Elisabeth Ostendorf and the six-year fight for justice


EAST LANSING, Mich. (WLNS)– Elisabeth Ostendorf is a scientist who came to East Lansing in 2012 from Germany to study photosynthesis. Elisabeth and her now-husband Sebastian Kuhlgert have been in Michigan for almost 10 years, but their time here is nothing that they thought it would be.

Elisabeth was hit by a Michigan State University vehicle while walking from her laboratory. “Elisabeth walked across the pedestrian walkway, as the truck was backing up, the truck did not see Elisabeth, and she saw the truck at the very last second and attempted to get out of the way and the truck ran her over going backward,” said her attorney, George Sinas.

She sustained multiple injuries, including a traumatic brain injury.

“She actually had a stroke in her brain stem which caused her to have what’s called locked-in syndrome, and it’s a condition where ultimately an individual is conscious and aware of what’s going on cognitively, they’re in tack but physically they are basically paralyzed within their body, they are locked-in,” said Amanda Carr, Elisabeth’s former occupational therapist.

Elisabeth was in Sparrow hospital for two months before transferring to Origami Rehabilitation in Mason. When she arrived, Carr says she was not able to walk, talk, eat and the communication she could give was just the blinking of her eyes.

While she fought in Origami to get better, a legal battle was continuing in court over what compensation Elisabeth is entitled to.

“The case involved a very unique issue of law as to whether Elisabeth had a right to pursue a liability claim against Michigan state or whether her rights were only to only draw workers’ compensation benefits… you can’t do both,” said Sinas.

Except it’s more complex than that, there is a provision in the workers’ compensation law that only applies to people like Elisabeth….” foreign nationals that are here in Michigan doing scientific research… and that provision says that those people are not entitled to workers’ compensation benefits,” said Sinas.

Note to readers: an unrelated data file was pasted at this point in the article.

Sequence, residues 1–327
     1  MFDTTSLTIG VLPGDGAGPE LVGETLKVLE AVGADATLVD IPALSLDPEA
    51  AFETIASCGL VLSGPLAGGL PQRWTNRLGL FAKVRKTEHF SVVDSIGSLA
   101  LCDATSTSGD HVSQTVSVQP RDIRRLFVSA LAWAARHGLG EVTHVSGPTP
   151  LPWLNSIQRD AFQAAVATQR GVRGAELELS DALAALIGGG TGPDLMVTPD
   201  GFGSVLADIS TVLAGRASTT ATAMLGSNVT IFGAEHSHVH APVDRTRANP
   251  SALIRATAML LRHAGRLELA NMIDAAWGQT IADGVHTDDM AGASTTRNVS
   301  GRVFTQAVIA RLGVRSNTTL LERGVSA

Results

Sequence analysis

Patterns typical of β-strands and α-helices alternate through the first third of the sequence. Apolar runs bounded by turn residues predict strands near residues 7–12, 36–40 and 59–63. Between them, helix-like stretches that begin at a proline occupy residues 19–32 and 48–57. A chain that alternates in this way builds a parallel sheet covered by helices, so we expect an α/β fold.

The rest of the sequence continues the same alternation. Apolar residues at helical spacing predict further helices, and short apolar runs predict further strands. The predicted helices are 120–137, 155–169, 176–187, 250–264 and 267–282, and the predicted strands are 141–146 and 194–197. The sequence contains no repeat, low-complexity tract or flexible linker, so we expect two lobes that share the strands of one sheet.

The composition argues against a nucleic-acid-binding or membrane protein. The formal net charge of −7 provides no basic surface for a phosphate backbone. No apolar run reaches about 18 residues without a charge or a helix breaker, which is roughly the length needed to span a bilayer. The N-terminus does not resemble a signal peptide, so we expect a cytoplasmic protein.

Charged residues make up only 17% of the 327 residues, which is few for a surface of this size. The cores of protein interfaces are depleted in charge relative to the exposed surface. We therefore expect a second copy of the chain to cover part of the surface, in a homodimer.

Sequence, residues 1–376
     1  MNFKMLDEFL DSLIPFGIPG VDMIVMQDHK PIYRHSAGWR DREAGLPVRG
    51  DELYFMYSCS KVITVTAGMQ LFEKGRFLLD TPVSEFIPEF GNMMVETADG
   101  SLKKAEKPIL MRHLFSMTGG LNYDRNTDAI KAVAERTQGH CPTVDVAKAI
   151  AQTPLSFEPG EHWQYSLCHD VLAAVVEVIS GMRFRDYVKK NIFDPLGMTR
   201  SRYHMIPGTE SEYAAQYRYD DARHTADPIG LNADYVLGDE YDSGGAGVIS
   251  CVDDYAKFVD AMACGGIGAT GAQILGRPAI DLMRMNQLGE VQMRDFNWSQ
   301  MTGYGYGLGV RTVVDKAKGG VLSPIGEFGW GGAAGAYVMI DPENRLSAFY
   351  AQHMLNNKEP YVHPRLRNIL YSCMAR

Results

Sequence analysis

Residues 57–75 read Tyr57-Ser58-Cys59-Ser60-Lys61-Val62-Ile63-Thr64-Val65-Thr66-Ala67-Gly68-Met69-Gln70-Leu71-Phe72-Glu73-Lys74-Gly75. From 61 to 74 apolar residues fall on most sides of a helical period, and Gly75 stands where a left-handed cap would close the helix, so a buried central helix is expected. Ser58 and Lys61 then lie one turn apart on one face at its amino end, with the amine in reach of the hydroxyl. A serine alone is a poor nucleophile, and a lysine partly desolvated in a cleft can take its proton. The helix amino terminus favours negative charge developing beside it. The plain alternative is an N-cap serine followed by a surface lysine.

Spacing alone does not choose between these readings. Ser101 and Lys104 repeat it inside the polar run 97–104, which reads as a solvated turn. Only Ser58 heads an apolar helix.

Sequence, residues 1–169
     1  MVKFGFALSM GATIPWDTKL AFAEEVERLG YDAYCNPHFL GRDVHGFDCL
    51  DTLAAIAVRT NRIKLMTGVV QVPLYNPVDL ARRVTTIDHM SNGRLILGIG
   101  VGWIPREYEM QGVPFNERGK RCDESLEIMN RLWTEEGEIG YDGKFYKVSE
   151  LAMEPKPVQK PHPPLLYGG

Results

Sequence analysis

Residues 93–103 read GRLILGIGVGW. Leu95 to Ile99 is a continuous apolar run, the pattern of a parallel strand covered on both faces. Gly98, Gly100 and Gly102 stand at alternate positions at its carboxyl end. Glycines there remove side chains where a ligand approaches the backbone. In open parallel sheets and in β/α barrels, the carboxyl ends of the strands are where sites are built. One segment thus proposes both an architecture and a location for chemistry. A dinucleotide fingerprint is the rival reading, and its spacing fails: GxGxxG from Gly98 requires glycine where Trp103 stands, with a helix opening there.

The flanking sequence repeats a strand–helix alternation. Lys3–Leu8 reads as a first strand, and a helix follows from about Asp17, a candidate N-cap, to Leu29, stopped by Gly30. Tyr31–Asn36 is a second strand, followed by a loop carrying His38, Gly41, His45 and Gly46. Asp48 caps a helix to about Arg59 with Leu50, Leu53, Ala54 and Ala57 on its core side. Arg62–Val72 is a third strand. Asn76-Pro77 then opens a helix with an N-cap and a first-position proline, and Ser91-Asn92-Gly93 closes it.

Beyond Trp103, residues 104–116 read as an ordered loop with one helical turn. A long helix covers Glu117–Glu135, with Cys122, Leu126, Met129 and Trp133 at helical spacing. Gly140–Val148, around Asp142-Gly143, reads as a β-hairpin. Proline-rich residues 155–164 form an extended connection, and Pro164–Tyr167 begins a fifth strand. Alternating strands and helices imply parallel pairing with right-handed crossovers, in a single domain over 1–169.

So what Elisabeth could do is pursue a liability claim against MSU. “Michigan state took the position of workman’s comp isn’t answerable here, liability insurance is answerable here,” said Sinas.

The university’s insurance company, United Educators, disagreed.

“Michigan State University’s insurance company argued that provision did not apply to Elisabeth, that she was entitled to workman’s comp and therefore she had to take the comp and couldn’t sue Michigan State,” Sinas added.

Over the next six years, Elisabeth’s case would jump from courtroom to courtroom.

Sebastian was asked, “what did you think about it taking so long?” “It’s frustrating… I mean it’s very very frustrating….you want to plan your life a little bit and basically be in limbo just waiting for things to happen,” said Sebastian.

During the course of those six years, 13 different judges all ruled in Elisabeth’s favor. “All of those judges agreed that she was entitled to go to trial against Michigan state… and she went to trial and she prevailed,” said Sinas.

Finally, in November of 2020, Elisabeth received a check from United Educators for a substantial amount of money, but it’s not clear if it was all from United Educators or if MSU chipped in as well.

“I’ve been representing seriously injured people for nearly 40 years…and I’ve been involved in a lot of complicated cases but I can’t recall a case that was as legally complicated as this one,” said Sinas.

Sinas says there was more to take away from this case though, than just a win in court.

“For the lawyers on the case, we learned a lot, and I’m not talking about law, we learned a lot about life,” said Sinas. They learned a lot about life someone who almost could have lost hers and from another who lived the promise “for better, or for worse.”

Elisabeth and Sebastian on their wedding day in 2018.

Sinas says the last day of the trial, Sebastian walked up to him and thanked him for all the work he did for them. “I looked at him and I said with all sincerity, actually Sebastian we’re the ones who need to thank you because in this case, you showed us what love was…justice prevailed and so did love,” said Sinas.

A spokesperson from Michigan State University told 6 News that they are happy to see Elisabeth get the money she was owed.

When 6 News reached out to United Educators for comment, they responded “We have no comment on this matter that was resolved some time ago.”

Elisabeth and Sebastian do have plans to go back to Germany but aren’t sure when yet.

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